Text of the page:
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Murdered Professor


Date: 06/26/97 at 14:22:58
From: Brett Wilson
Subject: Exponential puzzle

Dr. Math,

Please help me with this puzzle given to me by my calculus professor:

Suppose that you come into your professor's office to ask some 
questions shortly before 9:00 a.m. on Friday. You find him lying on 
the floor of his office in a pool of chalk dust, dead. You quickly 
call the police and their investigators take several measurements over 
the next hour, including:

  1) the body temperature at 9:00 a.m. - 80 degrees
  2) the body temperature at 10:00 a.m. - 78 degrees
  3) room temperature - 70 degrees (constant)

You quickly realize that the police believe you to be a prime suspect, 
so you need an alibi. You know that you were studying until midnight, 
but you aren't sure if that is enough information. You need to know 
the time of death!
 
Determine the time of death by creating an exponential model. Use the 
following statement: the difference between body temperature and room 
temperature changes at a rate proportional to that difference. How 
good is your alibi?

The only thing I have figured to do is use the exponential formula 
y = Ce^kt, but I'm not sure which numbers to plug in and what 
information that will give me. Please help!

Thank you.


Date: 06/26/97 at 18:06:55
From: Doctor Toby
Subject: Re: Exponential puzzle

The t in that exponential formula is the time since the time of death.
That's hard to work with when you don't know the time of death. So use 
the formula y = Ce^k(t-T), where T is the time of death. In this 
formula, t is the actual time, which you can work with.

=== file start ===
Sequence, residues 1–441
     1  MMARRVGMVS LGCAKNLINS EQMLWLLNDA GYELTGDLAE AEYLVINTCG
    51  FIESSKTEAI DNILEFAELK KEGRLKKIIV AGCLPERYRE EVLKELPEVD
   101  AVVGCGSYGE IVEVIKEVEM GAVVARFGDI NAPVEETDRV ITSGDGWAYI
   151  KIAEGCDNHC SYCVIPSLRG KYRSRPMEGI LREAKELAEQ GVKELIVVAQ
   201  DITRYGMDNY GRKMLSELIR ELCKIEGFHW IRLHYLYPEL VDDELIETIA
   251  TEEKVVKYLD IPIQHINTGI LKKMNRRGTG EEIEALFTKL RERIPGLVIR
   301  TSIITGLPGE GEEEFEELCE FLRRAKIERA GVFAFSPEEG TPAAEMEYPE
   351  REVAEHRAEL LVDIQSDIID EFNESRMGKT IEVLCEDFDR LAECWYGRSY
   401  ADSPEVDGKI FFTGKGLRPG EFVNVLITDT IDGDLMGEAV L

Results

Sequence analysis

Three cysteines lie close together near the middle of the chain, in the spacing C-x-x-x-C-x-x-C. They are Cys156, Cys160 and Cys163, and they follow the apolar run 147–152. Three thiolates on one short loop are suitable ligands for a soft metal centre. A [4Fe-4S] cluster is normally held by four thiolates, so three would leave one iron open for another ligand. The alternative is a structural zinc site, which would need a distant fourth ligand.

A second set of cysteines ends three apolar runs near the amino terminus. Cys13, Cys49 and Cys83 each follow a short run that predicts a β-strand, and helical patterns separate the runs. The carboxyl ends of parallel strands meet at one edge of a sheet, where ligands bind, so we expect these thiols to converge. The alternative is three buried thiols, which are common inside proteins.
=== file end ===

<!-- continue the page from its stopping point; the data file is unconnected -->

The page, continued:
There are three unknown constants in this formula, C, k, and T. You 
have three data points, y = 28.6 degress when t = T, y = 10 degrees 
when t = 9:00, and y = 8 degrees when t = 10:00. Now you have enough 
to solve for C, k, and, most importantly, T.

Note that y is the difference between the temperature and the base 
temperature of 70 degrees, not the temperature itself. If you like, 
you can use the equation y-Y = Ce^k(t-T), where now y is the actual 
temperature and Y is the base temperature, and add the fourth datum 
that y = 70 degrees when t = infinity. Then you immediately get 
Y = 70 degrees.

Anyway, if you use the datum that y = 28.6 degrees when t = T, you 
learn that C = 28.6 degrees right away. So the hard part is solving 
the two remaining equations for the two remaining constants, k and T.
(But that's not really too hard. The really hard part will be finding 
another alibi!)

-Doctor Toby,  The Math Forum
 Check out our web site!  http://mathforum.org/dr.math/   


Date: 06/26/97 at 18:12:28
From: Doctor Anthony
Subject: Re: exponential puzzle

You should start with the differential equation that is actually 
quoted in the question. The equation, using T for temperature and 
t for time is:

     dT/dt = -k(T-70)     (k is the constant of proportionality)

 dT/(T-70) = -k*dt    

Integrating both sides:

  ln(T-70) = -kt + const.     

     T-70  =  Ae^(-kt)     where A = e^(const.) = constant  

At t = 9, T = 80 and at t = 10,  T = 78. 

So, 10 = Ae^(-9k) and 8 = Ae^(-10k)  

Dividing these we have, 10/8 = e^(-9k+10k) = e^(k)

This gives k = ln(5/4) = 0.223

To find A, use 10 = Ae^(-9 x .223) = 0.1342A